A daily multivitamin and mineral supplement with added herbal ingredients may boost episodic memory in older men, suggest data from a randomized controlled trial from Australia.
Eight weeks of supplementation with the commercial product Swisse Men's Ultivite containing vitamins, mineral, antioxidants, and plant extracts were associated with improved contextual recognition memory, a measure of episodic memory, according to findings published in Human Psychopharmacology: Clinical and Experimental .
The study supports similar results from the same researchers in women. As reported by NutraIngredients-USA last week , 16 weeks of supplementation with the commercial product Swisse Women’s Ultivite 50+ were linked with improvements in performance accuracy and enhance neural efficiency (Physiology & Behavior )
“Taken together with the findings from other recent studies that have identified cognitive benefits of multivitamins in middle aged to elderly adults, there is growing evidence that daily multivitamin supplementation may be useful for the amelioration of cognitive decline,” wrote researchers led by Helen Macpherson from the Centre for Human Psychopharmacology at Swinburne University in Melbourne, Australia.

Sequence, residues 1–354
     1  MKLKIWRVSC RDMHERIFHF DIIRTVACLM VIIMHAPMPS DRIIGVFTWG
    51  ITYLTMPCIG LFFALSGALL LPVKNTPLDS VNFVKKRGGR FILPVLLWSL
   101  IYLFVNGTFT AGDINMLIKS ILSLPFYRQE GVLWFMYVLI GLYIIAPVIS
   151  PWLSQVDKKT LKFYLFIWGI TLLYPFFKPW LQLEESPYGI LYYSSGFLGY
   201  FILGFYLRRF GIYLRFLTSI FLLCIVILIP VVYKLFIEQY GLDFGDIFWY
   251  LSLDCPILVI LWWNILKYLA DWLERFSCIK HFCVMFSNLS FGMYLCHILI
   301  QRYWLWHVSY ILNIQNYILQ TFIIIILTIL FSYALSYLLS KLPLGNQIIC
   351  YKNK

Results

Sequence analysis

“Furthermore, this study indicates that improvements to B vitamin status and levels of homocysteine can be achieved following an 8-week multivitamin supplementation.”
The study, funded by Swisse Vitamins Pty Ltd
Macpherson and her co-workers recruited 51 men aged between 50 and 74 to participate in their placebo-controlled, double-blind trial. The men were randomly assigned to receive the daily multivitamin or placebo for eight weeks. The placebo tablets were identical in appearance and contained starch and 2 mg of riboflavin to give them a comparable smell and to produce similarly colored urine.
Results from a computerized battery of cognitive tasks showed that contextual recognition memory performance was significantly improved for men in the multivitamin group
On the other hand, no changes were recorded for the other cognitive tasks.
Blood samples showed that vitamin B12 and folate levels increased in the multivitamin group, while levels of the amino acid homocysteine were reduced.
Previously, epidemiological studies have reported that high levels of homocysteine are associated with suspected or confirmed dementia. Indeed, the Framingham study reported that people with homocysteine levels above 14 micromoles per liter of serum had twice the risk of dementia.
Commenting on the potential mechanism, the Australian scientists noted that B vitamins may influence neurotransmitter production, and they may also assist in “rescuing brain cell metabolism that is critical in maintaining neuronal health”.
Other components of the supplement may also contribute to the potential cognitive benefits, including vitamins C and E, and the herbs G. biloba and Panax ginseng.
Source: Human Psychopharmacology: Clinical and Experimental
Volume 27, Issue 4, pages 370-377
“Effects of a multivitamin, mineral and herbal supplement on cognition and blood biomarkers in older men: a randomised, placebo-controlled trial”
Authors: E. Harris, H. Macpherson, L. Vitetta, J. Kirk, A. Sali, A. Pipingas